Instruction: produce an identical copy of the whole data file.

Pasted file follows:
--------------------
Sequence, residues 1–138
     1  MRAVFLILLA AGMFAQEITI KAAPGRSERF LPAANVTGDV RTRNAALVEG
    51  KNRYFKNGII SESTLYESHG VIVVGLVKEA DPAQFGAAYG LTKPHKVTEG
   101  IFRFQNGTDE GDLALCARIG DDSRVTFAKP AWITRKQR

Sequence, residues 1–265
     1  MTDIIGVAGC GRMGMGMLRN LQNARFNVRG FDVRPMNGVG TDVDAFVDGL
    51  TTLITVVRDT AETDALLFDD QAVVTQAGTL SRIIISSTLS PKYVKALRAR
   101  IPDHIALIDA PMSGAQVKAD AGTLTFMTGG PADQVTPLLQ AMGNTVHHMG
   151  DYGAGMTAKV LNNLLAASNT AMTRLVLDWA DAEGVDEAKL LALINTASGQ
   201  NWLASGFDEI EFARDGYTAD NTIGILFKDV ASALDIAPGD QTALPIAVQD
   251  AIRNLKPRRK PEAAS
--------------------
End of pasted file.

Sequence, residues 1–138
     1  MRAVFLILLA AGMFAQEITI KAAPGRSERF LPAANVTGDV RTRNAALVEG
    51  KNRYFKNGII SESTLYESHG VIVVGLVKEA DPAQFGAAYG LTKPHKVTEG
   101  IFRFQNGTDE GDLALCARIG DDSRVTFAKP AWITRKQR

Sequence, residues 1–265
     1  MTDIIGVAGC GRMGMGMLRN LQNARFNVRG FDVRPMNGVG TDVDAFVDGL
    51  TTLITVVRDT AETDALLFDD QAVVTQAGTL SRIIISSTLS PKYVKALRAR
   101  IPDHIALIDA PMSGAQVKAD AGTLTFMTGG PADQVTPLLQ AMGNTVHHMG
   151  DYGAGMTAKV LNNLLAASNT AMTRLVLDWA DAEGVDEAKL LALINTASGQ
   201  NWLASGFDEI EFARDGYTAD NTIGILFKDV ASALDIAPGD QTALPIAVQD
   251  AIRNLKPRRK PEAAS